The Donald Trump brand is to win. To do that, he has claimed that he will assemble “the best people.” When he won New Hampshire, Trump declared about his staff: “. . . they were all out today and it was amazing. . . So thank you, Hope and Corey and the entire staff. Incredible job.” Mr. Trump has made it clear that his strongest promise is to win the election, and his knowledge of strategy and the skill of his people will be the vehicle for doing so.
Enter the GOP delegate selection process. The reality star turned presidential candidate has been spending his week attacking the Republican National Committee (RNC), and largely the whole nomination process, on account of his inability to make good on this promise. Speaking from Trump Tower, Mr. Trump said, “It’s a disgrace for the party. And Reince Priebus should be ashamed of himself. He should be ashamed of himself because he knows what’s going on.” Mr. Trump says this only after displaying that he doesn’t know what’s going on. Perhaps because he has been reportedly laying off staff in droves, the GOP front runner found himself outmaneuvered by Senator Ted Cruz in Colorado. Mr. Trump’s campaign did not have the people in place to secure him even a shot at a delegate out of the state convention, so Senator Cruz walked away with 34 delegates (30 formally pledged, four with promises of support).
So at the end of the Colorado saga, Donald Trump deflects. How can we tell that he is simply embarrassed at the lack of know-how within his campaign? Because, running as a Republican, he had this to say on the Democrats:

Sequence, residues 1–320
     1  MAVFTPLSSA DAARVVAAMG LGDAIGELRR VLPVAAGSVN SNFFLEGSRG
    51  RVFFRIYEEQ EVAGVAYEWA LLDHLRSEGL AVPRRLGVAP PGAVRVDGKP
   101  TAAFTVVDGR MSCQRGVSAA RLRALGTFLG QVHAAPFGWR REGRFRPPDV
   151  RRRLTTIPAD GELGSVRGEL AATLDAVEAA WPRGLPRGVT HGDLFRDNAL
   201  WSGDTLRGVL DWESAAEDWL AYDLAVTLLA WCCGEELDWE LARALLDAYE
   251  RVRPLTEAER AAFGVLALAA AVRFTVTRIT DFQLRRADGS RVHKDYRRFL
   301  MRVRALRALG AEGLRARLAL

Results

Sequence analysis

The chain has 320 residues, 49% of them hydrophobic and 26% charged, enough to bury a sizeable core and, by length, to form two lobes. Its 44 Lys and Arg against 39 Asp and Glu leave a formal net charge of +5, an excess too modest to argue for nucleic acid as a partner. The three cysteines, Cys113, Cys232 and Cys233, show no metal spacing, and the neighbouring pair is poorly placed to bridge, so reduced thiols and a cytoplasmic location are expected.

I tell you, it’s unfair even from the Democrats’ side. Every time I turn on the television, Bernie wins, Bernie wins — for weeks — Bernie wins, Bernie wins, Bernie wins. And then I watch the commentators and they say, ‘Bernie can’t win.’ How do you win every single week, every single state and you can’t win? You know why? Because it’s a corrupt system. It’s corrupt there, and it’s more corrupt on the Republican side.
The Democrats use super-delegates to deprive their electorate of a truly democratic election, and yet it is apparently the Republicans who have the rigged system. Perhaps Mr. Trump would be less frustrated with the situation if he had taken a moment to prepare for each state, rather than assume “Make America Great Again” would bring the people to his side. If he is going to follow through on his promise to win, Donald Trump needs to enter the next contests better prepared.
Long story short? Man runs for president. Man doesn’t read rules. Man spends week complaining about rules.
Kevin Dawson is Deputy Operations Manager for the American Principles Project.